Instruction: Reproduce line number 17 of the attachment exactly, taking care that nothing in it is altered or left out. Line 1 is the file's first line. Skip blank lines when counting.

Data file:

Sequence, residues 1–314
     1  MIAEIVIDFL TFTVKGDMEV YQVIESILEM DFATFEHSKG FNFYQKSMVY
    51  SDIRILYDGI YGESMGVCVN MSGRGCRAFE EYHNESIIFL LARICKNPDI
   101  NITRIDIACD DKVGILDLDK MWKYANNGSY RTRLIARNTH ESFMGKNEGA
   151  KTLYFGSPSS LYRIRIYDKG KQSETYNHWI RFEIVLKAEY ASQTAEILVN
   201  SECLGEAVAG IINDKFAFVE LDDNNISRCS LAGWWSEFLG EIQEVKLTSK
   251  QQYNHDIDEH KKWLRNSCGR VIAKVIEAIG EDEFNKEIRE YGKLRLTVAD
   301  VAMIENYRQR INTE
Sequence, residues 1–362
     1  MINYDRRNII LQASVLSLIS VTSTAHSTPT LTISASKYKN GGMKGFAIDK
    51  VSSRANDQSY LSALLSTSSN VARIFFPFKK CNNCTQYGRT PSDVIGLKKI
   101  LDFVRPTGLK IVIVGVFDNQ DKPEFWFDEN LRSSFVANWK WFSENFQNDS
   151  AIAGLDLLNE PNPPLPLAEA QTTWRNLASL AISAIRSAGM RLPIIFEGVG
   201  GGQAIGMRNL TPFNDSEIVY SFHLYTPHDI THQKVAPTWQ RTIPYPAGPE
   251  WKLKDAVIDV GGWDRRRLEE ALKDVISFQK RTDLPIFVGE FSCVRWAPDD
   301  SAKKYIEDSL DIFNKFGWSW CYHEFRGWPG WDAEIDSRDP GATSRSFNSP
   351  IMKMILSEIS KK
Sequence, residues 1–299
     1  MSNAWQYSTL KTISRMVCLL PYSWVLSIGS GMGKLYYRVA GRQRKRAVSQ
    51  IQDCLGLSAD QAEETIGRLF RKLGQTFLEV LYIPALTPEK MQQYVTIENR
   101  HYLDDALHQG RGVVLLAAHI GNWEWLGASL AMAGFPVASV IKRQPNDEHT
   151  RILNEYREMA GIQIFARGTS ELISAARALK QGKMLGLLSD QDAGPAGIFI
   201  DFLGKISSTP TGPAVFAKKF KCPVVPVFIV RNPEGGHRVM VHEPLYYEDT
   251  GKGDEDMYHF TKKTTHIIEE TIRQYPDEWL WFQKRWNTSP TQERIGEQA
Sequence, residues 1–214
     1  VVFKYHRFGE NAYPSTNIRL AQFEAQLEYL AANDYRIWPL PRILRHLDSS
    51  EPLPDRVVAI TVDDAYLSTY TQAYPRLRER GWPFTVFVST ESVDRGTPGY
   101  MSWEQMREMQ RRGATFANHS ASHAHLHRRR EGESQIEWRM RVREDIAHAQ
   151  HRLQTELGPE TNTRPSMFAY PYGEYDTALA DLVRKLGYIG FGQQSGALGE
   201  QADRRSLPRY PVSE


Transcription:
   351  IMKMILSEIS KK